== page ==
The Corruptor is the other Slayer variant that has a gun, and the thing is, there's nothing exactly wrong with it. It's Corrosion-proof, which means you can happily bung some of your own spells and shots at it, knowing that it won't be damaged but the enemies surrounding it will. Its weapons are entirely adequate, and it has three nifty little special abilities to choose from – making an enemy explode, turning them into a sort of temporary arc node (assuming that that enemy model has line of sight to anything good and is within your warcaster's control range, which can be a bit dicey) and then killing them at the end of the turn, or restoring lost damage. It's not bad. It's just a bit expensive, a bit strange, and much less straightforward in its applications than any of the other options. Stick some magnets in your plastic Slayer kit, learn with the simple pieces, and if you want to try the Corruptor later on, go nuts; you'll have the parts.
We come to it at last – the moustache-twirling supervillains of the Iron Kingdoms (not that any of them have moustaches, but that's a trifling detail). Most of them have a weighty and well-endowed FOC7 to play around with – honourable exceptions to combat mincing machines Skarre and Terminus at 6 and spellslingers the Witch Coven at 9. Most are fairly well defended, with either solid-if-unspectacular DEF and ARM, some nice defensive abilities like Stealth, Admonition, Sacrificial Pawn and in one case Incorporeal on every second turn, or both. Their spells, as I hope you've gathered by now, tend towards either offensive (direct damage and debuffs) or support (movement advantages with the occasional extra attack or damage buff thrown in). Defensive buffs are frankly rare, and tend to appear as part of another effect (with an appropriate jack-up in cost) rather than as cheap, self-contained entities. Most of the feats are extensions of signature abilities that cover larger areas to enable carnage on a grand scale, as is the case with many warcasters, although three of them are notable for their reanimation of Cryx models (well, two of them are; one of them just plonks six free Bane Thralls on the board, which can break a small game wide open).
Warcaster of Note: Skarre Ravenmane, Queen of the Broken Coast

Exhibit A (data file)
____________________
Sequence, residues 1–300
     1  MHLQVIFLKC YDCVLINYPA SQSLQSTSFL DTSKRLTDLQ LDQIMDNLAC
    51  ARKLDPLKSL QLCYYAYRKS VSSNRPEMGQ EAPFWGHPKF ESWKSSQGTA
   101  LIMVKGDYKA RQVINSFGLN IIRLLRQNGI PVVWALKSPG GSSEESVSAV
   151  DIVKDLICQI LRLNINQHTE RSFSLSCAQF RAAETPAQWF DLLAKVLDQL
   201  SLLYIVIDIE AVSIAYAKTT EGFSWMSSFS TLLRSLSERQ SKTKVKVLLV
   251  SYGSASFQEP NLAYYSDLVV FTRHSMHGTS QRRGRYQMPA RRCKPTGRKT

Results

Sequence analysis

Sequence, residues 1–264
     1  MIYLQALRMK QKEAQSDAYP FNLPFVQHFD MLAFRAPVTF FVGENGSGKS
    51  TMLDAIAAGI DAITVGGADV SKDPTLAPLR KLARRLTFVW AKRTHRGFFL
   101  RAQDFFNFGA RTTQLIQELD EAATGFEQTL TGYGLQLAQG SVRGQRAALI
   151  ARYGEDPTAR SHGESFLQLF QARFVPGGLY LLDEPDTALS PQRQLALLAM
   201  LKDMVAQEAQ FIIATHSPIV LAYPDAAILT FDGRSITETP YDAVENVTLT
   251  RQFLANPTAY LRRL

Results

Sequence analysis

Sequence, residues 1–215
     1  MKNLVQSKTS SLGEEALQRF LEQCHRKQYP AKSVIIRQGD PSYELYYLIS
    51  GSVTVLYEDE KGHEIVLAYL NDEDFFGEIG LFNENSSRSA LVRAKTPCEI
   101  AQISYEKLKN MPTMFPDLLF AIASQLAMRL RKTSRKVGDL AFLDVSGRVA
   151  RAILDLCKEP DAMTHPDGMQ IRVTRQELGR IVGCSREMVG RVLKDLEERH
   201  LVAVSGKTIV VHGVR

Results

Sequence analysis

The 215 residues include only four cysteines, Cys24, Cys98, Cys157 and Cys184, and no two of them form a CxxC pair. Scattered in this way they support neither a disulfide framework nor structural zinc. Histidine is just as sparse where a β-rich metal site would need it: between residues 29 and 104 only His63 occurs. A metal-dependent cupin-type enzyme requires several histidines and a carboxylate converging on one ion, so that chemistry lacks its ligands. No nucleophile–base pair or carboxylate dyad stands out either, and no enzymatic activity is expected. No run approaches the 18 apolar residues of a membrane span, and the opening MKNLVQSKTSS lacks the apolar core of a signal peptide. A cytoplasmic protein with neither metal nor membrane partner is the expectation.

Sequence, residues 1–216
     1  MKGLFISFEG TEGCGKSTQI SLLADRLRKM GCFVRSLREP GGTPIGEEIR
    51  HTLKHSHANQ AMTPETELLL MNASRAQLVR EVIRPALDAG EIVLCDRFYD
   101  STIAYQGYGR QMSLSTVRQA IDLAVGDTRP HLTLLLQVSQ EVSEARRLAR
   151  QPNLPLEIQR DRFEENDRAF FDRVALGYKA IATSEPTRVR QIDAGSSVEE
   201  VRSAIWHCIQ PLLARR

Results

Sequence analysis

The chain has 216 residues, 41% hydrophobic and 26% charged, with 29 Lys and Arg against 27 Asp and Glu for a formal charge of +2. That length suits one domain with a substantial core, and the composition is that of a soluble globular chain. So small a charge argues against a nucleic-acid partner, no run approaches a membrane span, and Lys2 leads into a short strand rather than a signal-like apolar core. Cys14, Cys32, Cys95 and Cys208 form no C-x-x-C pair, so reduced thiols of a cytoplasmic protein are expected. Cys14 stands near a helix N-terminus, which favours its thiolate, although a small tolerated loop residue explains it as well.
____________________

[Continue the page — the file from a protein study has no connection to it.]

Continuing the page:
One of Cryx's premier tournament warcasters, Skarre really does do it all. She's got the DEF debuff and force multiplier (Black Spot), she's got the rare Cryxian ARM buff (Death Ward), she's got the solid defensive stats and a spell to keep her from harm's way (Admonition). She's got the melee power (three weapons, able to achieve four-die damage swings on every attack with her primary weapon, at the bargain price of a focus point and a wound, and a neat little mini-slam on her secondary) and the hand cannon with acceptable RAT. She's got the passive battlegroup ability that improves her efficiency and that of every warjack she controls (boosting after you've seen the initial rolls is huge) and the passive infantry buff (making Satyxis Fearless and removing one of their few weaknesses). She's got FOC7 and an excellent offensive spell (Blood Rain); she's got the opportunity for extra movement (Perdition; just remember that you have to move your warjack directly towards the nearest enemy and don't inadvertently cheat like I've been doing for months). To top it all off, she's got a feat that's a royal pain in the pirate booty, either preventing your models from being targeted or enemy models from doing any targeting (watch out for damage rolls that occur without targeting, like Covering Fire or the Old Witch's feat). She has only two weaknesses. Firstly, she trades wounds for her feat, for upkeep spells and for damage, meaning that she's going to get hurt and can often soften herself up for the enemy's kill if you're not careful. Secondly, she's such a toolbox that it's easy to try and take advantage of everything and end up building a bad list. That's basically it. She's got it all. No wonder she trashed the Khadoran navy.